This is the moment when the industry can really stand up and talk about its achievements. For years, pharma execs would almost feel the need to apologise at social occasions – in part due to the influence of US conceptions of ‘big pharma’, and assumptions on how applicable this is to the UK. Now they are recognised as the people who can help save us from the pandemic.
Pharma is in the headlines for the good it is doing. Vaccination numbers are featured on television news every day, like football results or the stock market. That has cut-through, and provides an ideal platform to explain the value pharma is bringing to society.
2. Be honest
People generally don't object to pharma companies making profit, but they do object to profiteering. This is a chance to explain some truths, such as how very few drugs in development ever get to market (around 1%) and how the cost and profit must be spread across unsuccessful and successful drugs.
And there are examples of pharma putting society above profit. AstraZeneca has pledged not to profit from its COVID-19 vaccine during the pandemic.
The sector has overcome old-fashioned silo working to join with government, public health and academia to get COVID-19 vaccines to market at unprecedented speed. It’s a staggering achievement.
It wasn’t because standards dropped. It was because of a collaborative system with a single 'purpose' in mind, focused on the outcomes needed by each stakeholder. It’s the same kind of collaboration that has led to AstraZeneca/ Oxford giving away its vaccine methodology to other countries for development.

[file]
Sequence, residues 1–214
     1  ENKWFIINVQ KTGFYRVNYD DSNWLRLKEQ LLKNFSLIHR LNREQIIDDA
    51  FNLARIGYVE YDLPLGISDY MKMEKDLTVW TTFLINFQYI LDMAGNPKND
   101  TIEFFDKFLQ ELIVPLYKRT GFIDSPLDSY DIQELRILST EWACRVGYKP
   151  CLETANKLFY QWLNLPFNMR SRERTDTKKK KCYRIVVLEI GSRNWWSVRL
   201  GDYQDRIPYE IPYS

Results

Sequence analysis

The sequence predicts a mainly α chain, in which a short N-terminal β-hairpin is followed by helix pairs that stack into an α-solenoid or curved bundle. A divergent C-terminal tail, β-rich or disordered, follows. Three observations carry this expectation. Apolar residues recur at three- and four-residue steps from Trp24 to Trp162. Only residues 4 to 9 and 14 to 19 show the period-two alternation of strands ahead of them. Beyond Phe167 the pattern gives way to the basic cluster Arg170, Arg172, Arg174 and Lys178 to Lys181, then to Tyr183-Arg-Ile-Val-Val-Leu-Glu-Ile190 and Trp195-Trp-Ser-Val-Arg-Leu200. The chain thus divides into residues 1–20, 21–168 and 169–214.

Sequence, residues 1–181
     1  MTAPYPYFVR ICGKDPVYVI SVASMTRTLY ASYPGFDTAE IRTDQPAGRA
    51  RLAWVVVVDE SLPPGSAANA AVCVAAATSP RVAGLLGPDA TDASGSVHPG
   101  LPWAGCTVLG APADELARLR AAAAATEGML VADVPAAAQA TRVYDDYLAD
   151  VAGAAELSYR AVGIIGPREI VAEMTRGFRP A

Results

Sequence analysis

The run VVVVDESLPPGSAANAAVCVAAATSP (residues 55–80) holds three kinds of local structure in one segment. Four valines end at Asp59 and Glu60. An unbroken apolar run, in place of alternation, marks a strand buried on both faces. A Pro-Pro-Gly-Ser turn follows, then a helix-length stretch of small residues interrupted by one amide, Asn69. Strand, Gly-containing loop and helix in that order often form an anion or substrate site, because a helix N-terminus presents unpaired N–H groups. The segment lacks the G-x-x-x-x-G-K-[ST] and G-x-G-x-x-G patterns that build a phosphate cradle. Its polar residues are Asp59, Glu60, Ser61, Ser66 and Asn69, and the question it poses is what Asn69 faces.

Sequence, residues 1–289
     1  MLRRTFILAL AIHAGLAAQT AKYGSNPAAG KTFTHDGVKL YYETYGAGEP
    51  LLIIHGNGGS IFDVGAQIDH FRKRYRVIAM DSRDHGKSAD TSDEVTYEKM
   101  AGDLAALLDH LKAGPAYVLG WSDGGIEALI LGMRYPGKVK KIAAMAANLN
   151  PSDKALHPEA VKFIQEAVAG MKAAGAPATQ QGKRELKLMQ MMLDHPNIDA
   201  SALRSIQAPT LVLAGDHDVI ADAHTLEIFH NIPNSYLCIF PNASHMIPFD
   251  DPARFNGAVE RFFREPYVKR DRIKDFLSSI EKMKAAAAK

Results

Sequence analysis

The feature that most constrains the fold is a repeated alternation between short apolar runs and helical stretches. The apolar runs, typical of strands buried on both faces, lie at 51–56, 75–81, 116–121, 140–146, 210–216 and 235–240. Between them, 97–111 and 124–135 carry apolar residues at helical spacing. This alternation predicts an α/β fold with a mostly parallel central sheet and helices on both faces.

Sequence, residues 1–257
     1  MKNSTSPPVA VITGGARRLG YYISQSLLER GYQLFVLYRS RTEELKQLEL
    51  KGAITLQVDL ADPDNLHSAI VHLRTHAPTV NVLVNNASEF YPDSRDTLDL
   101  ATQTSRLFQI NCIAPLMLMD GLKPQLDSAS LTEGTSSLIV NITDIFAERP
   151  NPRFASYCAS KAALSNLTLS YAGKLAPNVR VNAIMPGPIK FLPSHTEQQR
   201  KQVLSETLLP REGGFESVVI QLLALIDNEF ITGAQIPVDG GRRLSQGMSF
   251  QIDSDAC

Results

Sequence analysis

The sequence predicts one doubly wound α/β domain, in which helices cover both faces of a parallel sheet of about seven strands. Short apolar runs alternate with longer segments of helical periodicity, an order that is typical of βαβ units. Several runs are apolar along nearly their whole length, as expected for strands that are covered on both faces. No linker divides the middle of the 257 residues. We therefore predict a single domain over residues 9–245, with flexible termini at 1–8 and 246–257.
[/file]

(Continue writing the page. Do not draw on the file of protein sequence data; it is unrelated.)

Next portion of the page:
The lessons learned can help deliver collaborative, systemic change. Pharma companies that do this will make better, sustainable long-term profits while delivering their purpose.
4. Inspire and motivate
There is huge cross-sector competition for talent at the moment, but pharma is in a unique position to inspire a new generation of workforce into the sector. This is a chance to use purpose to drive a company’s culture - to inspire and motivate people and then embed change. Employees are already demanding more meaningful workplaces.
At the same time, there’s a critical moment for pharma companies to look to their existing workforce. Fail to look after staff this year and you will pay the price – just imagine the headlines about your company succeeding in the pandemic while ‘pushing workers to the brink’. Purpose can motivate staff through the tough times, but organisations need to be genuine about how they are recognising and rewarding the workforce. But it’s important to always look after your staff – they will live and breathe your purpose internally and externally if you get the right culture and recognition.
5. Show your authenticity
The key to being purpose-driven is to show authenticity in the changing narrative by clearly demonstrating what you're going to do differently. How does the way you do business, the operating model, the care for customers and end-users look different because of your purpose-driven approach? That's the litmus test - not what you say, but what you do and how you do it.
This is a unique moment for pharma – a time to explain and show purpose for the benefit of society. Our simple advice: be honest and open, and make sustainable profit by thinking beyond the short term. We believe that those who have the courage to tell a louder, honest story to the public and their employees will reap the benefits in the long term. If you’d like to discuss any of this further, please get in touch.